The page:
Twitter Misused Private Security Info to Help Advertisers

A sign is posted on the exterior of the Twitter headquarters on February 5, 2014, in San Francisco, California.
A sign is posted on the exterior of the Twitter headquarters on February 5, 2014, in San Francisco, California.
Photo: Justin Sullivan / Getty

Twitter says it inadvertently used private information, provided by users for the purpose of protecting their accounts, to help companies target them with ads.

Users provided Twitter with their phone numbers and email addresses in order to enable certain security features, such as two-factor authentication, to prevent their accounts from being hijacked. Twitter, in turn, used that information to help advertisers reach specific audiences, the company said in a statement on Tuesday.

“We cannot say with certainty how many people were impacted by this, but in an effort to be transparent, we wanted to make everyone aware. No personal data was ever shared externally with our partners or any other third parties,” the company said.


The personal data was used in Twitter’s “Tailored Audiences” advertising system, which allows companies to upload lists of phone numbers and email addresses of people they wish to target with ads. Twitter then matches the lists with its own internal records.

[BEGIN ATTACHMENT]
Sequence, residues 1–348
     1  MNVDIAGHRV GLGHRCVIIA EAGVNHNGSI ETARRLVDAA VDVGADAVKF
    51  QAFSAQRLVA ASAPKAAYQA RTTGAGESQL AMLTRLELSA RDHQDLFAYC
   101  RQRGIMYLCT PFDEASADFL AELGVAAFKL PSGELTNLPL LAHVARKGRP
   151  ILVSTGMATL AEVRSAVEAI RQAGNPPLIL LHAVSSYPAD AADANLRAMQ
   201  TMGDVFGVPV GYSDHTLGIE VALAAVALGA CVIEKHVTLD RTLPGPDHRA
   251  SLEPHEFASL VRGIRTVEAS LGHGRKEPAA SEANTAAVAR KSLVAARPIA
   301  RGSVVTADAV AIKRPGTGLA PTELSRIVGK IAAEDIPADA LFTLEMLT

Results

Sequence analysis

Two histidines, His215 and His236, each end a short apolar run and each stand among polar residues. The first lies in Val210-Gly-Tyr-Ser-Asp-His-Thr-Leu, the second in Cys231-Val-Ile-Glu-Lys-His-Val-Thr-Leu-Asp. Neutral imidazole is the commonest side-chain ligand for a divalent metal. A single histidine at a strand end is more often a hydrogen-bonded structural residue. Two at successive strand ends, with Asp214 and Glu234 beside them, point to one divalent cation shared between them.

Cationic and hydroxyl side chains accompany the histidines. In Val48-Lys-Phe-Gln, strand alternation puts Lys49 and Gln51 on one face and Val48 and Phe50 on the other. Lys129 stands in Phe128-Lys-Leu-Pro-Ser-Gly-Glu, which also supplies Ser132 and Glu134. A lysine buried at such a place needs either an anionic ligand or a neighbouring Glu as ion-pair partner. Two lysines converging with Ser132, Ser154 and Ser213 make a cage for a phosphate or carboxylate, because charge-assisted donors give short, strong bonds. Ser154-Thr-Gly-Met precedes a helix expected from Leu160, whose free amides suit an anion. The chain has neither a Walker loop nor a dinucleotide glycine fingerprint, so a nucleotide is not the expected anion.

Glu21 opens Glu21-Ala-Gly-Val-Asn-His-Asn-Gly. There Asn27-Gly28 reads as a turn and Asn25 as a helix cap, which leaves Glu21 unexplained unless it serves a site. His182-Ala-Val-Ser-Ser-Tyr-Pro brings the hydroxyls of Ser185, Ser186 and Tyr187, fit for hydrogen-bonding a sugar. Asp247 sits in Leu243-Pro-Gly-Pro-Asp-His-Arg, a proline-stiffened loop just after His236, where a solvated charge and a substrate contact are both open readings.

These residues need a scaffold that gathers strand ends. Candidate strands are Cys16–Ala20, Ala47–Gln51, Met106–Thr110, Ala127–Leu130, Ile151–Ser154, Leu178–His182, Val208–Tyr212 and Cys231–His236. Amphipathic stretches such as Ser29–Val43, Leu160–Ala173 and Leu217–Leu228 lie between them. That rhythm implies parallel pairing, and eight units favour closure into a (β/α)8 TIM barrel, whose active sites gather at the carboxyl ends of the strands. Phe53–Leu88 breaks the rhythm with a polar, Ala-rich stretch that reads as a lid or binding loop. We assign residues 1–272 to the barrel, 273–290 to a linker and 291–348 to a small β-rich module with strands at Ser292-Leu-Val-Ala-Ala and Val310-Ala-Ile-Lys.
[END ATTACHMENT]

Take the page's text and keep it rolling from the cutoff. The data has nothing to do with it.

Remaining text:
Twitter said the error that allowed the security information to be used was fixed as of September 17. It did not say how long the error was ongoing. A company spokesperson said it had nothing further to share regarding the timeline beyond what’s in its statement.

“We’re very sorry this happened and are taking steps to make sure we don’t make a mistake like this again,” it said in a statement.


Twitter is not the first social media company to use contact information provided by users for security purposes in order to make money. Gizmodo revealed that Facebook was intentionally doing so last year.

Senior Reporter, Privacy & Security

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Okay. They all do it. I mean, every single tech company does this. Because there’s no punishment. There’s no consequence. It doesn’t matter. No government agency could charge these companies enough money to make this intentional misuse ever matter to them.